Service Learning is a methodology I have integrated into my courses for over a decade: it is service with learning objectives and learning with service objectives. Students participate in service learning by utilizing their Spanish-language skills in community-centered environments where individuals go to seek services or supports—such as nonprofit immigration law centers, and schools. After volunteering in these environments, students reflect on their experiences and use them to deepen their academic learning of the languages and cultures studied in our Department, as well as to develop their skills in fostering greater understanding. Currently, I am incorporating intercultural competency in my service-learning courses, so that in the future students will collaborate with international NGO’s on different community-based projects. Throughout all of my work, I have found that the combination of communication, intercultural learning, and civic action encourages students to engage with their education and the language learning process at a deeper level. They are stimulated and motivated to assist others in need—locally and internationally. In this way, Intercultural Service Learning (ISL) is very valuable for foreign-language teaching. Through experiential engagement and reflective learning activities, students develop a sense of shared global citizenship. ISL can be utilized as a meaningful process that inspires academic learning while simultaneously building bridges across cultures.
I also shared with my audience two tools that I use in my volunteering course: “Autobiography of Intercultural Encounters” and a list of learning objectives for intercultural competence that Byram specifies for each of the five levels of Intercultural Citizenship he presents in his book From Foreign Language Education to Education in Intercultural Citizenship (2008). Those five levels are attitudes, knowledge, skills of interpreting and relating, skills of discovering and doing, and critical cultural awareness.
“Autobiography of Intercultural Encounters” is an activity based on a cycle of reflection that includes the description of what happened and the feelings that occurred during the intercultural encounter, as well as an evaluation of the experience, analysis of value judgments, conclusions, and personal action plans for future situations. In this reflection process, learners are guided in developing analytical and critical thinking skills that go beyond mere description. Byram (1997) emphasizes that a central aspect of intercultural competence is the ability to reflect, consciously and with an awareness of one’s own values and beliefs, on one’s own way of life and that of other people. When reflecting on the values and beliefs inherent in certain behaviors, we learn, by comparing and contrasting them, to better understand what they mean in the context of our own lives and the lives of others.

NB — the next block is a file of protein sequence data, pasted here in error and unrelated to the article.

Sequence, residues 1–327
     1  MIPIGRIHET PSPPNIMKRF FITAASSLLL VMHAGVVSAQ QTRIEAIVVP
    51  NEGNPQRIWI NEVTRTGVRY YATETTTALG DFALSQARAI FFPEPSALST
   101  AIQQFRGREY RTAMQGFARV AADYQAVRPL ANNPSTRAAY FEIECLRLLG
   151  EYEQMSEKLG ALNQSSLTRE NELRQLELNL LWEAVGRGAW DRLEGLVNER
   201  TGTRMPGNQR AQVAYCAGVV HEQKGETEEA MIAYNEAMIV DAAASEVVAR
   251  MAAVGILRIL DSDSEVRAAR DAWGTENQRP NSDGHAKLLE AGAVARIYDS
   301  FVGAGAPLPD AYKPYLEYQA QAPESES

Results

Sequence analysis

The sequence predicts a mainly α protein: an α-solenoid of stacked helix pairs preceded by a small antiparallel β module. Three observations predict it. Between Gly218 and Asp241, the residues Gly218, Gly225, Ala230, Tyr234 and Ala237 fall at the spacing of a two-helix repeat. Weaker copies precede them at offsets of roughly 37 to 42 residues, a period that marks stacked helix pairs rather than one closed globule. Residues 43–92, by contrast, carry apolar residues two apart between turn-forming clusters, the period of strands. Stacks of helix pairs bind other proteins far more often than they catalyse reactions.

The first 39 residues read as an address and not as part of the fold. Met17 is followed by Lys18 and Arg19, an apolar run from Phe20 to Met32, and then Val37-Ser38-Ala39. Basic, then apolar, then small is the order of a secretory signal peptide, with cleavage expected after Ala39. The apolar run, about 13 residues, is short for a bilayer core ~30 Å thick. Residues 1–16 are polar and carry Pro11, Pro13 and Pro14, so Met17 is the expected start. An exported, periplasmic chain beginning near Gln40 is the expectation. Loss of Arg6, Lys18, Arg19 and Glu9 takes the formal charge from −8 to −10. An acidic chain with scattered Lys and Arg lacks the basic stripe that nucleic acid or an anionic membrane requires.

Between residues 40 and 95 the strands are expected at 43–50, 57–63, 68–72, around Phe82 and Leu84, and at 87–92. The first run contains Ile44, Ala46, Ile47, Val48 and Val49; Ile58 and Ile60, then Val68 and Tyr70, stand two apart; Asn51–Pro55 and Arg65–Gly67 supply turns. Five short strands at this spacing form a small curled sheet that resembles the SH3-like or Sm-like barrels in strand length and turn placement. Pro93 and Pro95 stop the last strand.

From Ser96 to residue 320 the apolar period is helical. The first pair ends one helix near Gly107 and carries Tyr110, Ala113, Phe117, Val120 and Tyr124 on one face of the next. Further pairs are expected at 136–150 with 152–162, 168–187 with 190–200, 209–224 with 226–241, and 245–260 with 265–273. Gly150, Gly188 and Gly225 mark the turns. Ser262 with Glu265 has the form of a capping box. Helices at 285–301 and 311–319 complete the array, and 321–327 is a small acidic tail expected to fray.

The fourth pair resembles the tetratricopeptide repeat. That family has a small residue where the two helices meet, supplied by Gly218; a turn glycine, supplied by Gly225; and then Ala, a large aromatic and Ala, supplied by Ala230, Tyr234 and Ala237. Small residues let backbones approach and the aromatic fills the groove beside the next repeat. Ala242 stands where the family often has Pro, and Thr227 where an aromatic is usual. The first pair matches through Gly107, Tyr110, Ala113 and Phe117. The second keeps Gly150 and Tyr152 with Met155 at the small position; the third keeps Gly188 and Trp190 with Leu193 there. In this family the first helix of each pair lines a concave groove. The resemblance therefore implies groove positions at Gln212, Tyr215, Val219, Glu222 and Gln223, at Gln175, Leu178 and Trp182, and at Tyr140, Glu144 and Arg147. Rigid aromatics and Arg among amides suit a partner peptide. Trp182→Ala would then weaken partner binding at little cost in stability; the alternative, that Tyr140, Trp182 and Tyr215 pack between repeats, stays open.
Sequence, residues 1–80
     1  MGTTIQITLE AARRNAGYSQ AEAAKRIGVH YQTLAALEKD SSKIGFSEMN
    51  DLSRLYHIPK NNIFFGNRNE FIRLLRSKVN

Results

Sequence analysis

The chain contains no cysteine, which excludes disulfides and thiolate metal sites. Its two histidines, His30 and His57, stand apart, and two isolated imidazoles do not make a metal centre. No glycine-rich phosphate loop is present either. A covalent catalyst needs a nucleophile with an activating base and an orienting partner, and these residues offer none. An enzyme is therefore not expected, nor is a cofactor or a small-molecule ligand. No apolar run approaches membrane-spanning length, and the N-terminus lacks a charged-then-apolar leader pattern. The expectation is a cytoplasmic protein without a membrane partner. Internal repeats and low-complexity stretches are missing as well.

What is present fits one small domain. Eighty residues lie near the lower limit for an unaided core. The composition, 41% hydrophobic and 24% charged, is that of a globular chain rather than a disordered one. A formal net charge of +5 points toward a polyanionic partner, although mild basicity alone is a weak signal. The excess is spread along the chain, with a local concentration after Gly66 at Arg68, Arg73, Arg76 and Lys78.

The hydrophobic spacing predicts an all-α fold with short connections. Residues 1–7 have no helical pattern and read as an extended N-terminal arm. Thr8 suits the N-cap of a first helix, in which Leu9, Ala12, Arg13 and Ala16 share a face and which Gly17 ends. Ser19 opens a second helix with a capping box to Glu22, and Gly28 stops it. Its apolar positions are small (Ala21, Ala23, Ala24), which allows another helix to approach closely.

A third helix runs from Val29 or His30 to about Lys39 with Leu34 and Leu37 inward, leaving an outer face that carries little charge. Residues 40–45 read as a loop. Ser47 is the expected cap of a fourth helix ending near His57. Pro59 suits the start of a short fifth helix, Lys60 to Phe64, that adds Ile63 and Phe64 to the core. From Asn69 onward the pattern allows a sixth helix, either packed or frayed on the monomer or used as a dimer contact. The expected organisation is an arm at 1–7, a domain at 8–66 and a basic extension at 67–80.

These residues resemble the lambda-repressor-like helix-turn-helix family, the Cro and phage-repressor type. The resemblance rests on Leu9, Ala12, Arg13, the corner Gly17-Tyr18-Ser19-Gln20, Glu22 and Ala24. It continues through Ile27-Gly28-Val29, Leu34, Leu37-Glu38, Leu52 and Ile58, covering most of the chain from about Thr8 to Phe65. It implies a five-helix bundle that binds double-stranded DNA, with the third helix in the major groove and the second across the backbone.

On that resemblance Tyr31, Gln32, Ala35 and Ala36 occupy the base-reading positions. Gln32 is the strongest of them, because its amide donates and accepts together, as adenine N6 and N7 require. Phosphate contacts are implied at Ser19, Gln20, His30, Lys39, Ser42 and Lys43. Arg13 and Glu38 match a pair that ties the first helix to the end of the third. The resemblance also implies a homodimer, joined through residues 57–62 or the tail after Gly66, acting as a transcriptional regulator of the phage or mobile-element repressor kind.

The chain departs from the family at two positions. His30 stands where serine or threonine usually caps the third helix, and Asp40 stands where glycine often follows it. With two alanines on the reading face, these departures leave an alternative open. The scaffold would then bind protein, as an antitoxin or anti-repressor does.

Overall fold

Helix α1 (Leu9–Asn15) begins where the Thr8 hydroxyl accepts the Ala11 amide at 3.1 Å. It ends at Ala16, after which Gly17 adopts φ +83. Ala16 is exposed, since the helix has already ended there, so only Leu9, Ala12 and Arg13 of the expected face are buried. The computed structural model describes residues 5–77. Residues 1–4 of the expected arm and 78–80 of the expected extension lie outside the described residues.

I gave my audience the task of reading the handout and picking two learning objectives (one from each of two of the five Byram’s categories) they thought they would like to implement in their courses. After reflecting a bit more about the objectives they were now choosing, the teachers turned the page I gave them and wrote in the respective columns the new Learning Objective and the Evidence and Assessment they could apply to implement those objectives in their courses. They discussed in pairs the type of activities and assessments that would best develop intercultural competence: how to not just learn about the culture but with/from people of that culture in real or virtual spaces. They brainstormed about how to develop this intercultural knowledge and embrace diversity in the classroom and be able to transfer it into real-life situations working with the community.
As a classroom of teachers, we took a moment of the workshop to explore our ideas about what we want our students to come away with from our courses, in their lifelong learning process. We concluded that it was most important, if nothing else, that they retain a positive disposition and openness to perspectives from other people and other cultures, and a will to create greater understanding and collaborate n common projects in our diverse communities. These learning goals can be achieved by strategically selecting the methodology, materials and activities we use in class, such as Intercultural Service Learning, reflection journals, and activities like “Autobiography of intercultural encounters” where students are moved to discover new knowledge about themselves and others and to embrace diversity.
Participants actively engaged in this 55-minute workshop and followed up with additional questions and inquiries in the corridors and at other events at the conference. I could see that there’s great interest in Intercultural Citizenship because teachers are realizing that this is a crucial 21st Century competency and that right now we’re failing our students by not preparing them for it. Participants were concerned that many are not yet seeing the possibilities of educating our students within our higher education systems while teaching them FL and ESL, and were excited about exploring implementing intercultural citizenship in their courses. They appreciated the educational value that Foreign-language learning can have in developing positive attitudes towards and understanding of other people who speak other languages or come from other cultural backgrounds.
Together, we concluded that language teaching can be an integral part of preparing our students to embrace diversity, without losing its instrumental purpose. Linguistic Competence and Intercultural Competence mutually enrich each other and can work together to improve the process of language learning. Intercultural Competence can begin to be taught in classroom projects which are doable without partnerships. Intercultural Citizenship can be the next step, as students take action and engage in common projects with people from other cultures through Intercultural Service Learning. Intercultural Competence starts in the classroom and continues as Intercultural Citizenship into the wider community.